The Almanacs and World War II
Orval was a grass-roots populist in his early days, and worked at the Highlander school. He was in charge of the sanitary facilities, and he kept it beautiful; he even put curtains up in the windows of the two-holer we had. But what he was best at was shoveling it out, a function which had to be performed periodically. He really put his back into it. Now he's in the Arkansas State House, performing the same function.Lee Hays to Steve Courtney
As the clouds gathered around Commonwealth College, Hays headed north to New York, taking with him his collection of labor songs, which he planned to turn into a book. But a short stayover in Philadelphia with the poet Walter Lowenfels and his hospitable family turned into a long visit. The German-born Lowenfels, a highly cultured man and a modernist poet, who was fascinated by Walt Whitman and edited a book of his poetry, became another surrogate father to Hays, influencing him deeply. (Together the two men later wrote, perhaps Hays best song, "Wasn't That a Time?") Under Lowenfels' influence, Hays also began to write modernist poems, one of which was published in Poetry Magazine in 1940. He also had pieces, based on Arkansas folklore, published in The Nation, which led to his forming a friendship with another Nation contributor, Millard Lampell.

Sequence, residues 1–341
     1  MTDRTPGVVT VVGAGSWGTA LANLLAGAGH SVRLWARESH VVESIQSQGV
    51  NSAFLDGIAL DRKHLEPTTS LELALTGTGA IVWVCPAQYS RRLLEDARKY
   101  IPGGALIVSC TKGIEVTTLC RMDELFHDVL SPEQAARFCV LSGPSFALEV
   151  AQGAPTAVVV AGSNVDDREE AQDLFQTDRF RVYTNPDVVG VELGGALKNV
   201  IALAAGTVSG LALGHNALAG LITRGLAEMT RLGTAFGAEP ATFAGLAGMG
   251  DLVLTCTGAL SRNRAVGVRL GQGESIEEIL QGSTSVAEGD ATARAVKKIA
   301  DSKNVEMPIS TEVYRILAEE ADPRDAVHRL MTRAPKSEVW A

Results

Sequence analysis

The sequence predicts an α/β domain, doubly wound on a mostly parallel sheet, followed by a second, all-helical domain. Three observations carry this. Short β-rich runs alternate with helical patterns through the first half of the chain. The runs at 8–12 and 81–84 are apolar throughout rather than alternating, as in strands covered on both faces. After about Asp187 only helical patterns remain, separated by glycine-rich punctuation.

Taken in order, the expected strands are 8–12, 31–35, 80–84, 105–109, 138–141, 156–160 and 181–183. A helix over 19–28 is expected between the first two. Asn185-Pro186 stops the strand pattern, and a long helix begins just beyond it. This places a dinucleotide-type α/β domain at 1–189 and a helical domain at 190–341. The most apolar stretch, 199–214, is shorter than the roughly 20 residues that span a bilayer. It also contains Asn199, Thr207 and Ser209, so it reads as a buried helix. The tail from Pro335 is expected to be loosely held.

Arriving in New York, Hays and Lampell became roommates. They were soon joined by Pete Seeger, who like Hays was also contemplating putting together an anthology of labor songs. Together the trio began to sing at left-wing functions and to call themselves the Almanac Singers. It was a somewhat fluid group that included Josh White and Sam Gary and later Sis Cunningham (a fellow Commonwealth College alumna), Woody Guthrie, and Bess Lomax Hawes, among others. The Almanac's first album, issued in May 1941, was the controversial Songs for John Doe, comprising six pacifist songs, two of them co-written by Hays and Seeger and four by Lampell. The songs attacked the peacetime draft and the big U.S. corporations which were then receiving lucrative defense contracts from the federal government while practicing racial segregation in hiring. Since at that time isolationism was associated with right-wing conservatives and business interests, the pro-business but interventionist Time Magazine lost no time in accusing the left-wing Almanacs of "scrupulously echoing" what it called "the mendacious Moscow tune" that "Franklin Roosevelt is leading an unwilling people into a J. P. Morgan war" (Time, June 16, 1941). Concurrently, in the Atlantic Monthly, Carl Joachim Friedrich, a German-born but anti-Nazi professor of political science at Harvard, deemed the Almanacs treasonous and their album "a matter for the Attorney General" because subversive of military recruitment and morale. On June 22, Hitler unexpectedly broke the Hitler-Stalin non-aggression pact and attacked Russia. Three days later, Franklin Roosevelt, threatened by black labor leaders with a huge march on Washington protesting segregation in defense hiring and the army, issued Executive Order 8802 banning racial and religious discrimination in hiring by recipients of federal defense contracts. The army, however, refused to desegregate. Somewhat mollified, nevertheless, labor leaders canceled the march and ordered union members to get behind the war and to refrain from strikes; copies of the isolationist Songs for John Doe were destroyed (a month after being issued). Asked by an interviewer in 1979 about his support of the Hitler-Stalin Pact, Hays said: “I do remember that the signing of the Hitler-Stalin pact was a very hard pill to swallow. . . . To this day I don’t quite follow the line of reasoning behind that one, except to give Stalin more time.” According to Hays's biographer, Doris Willens: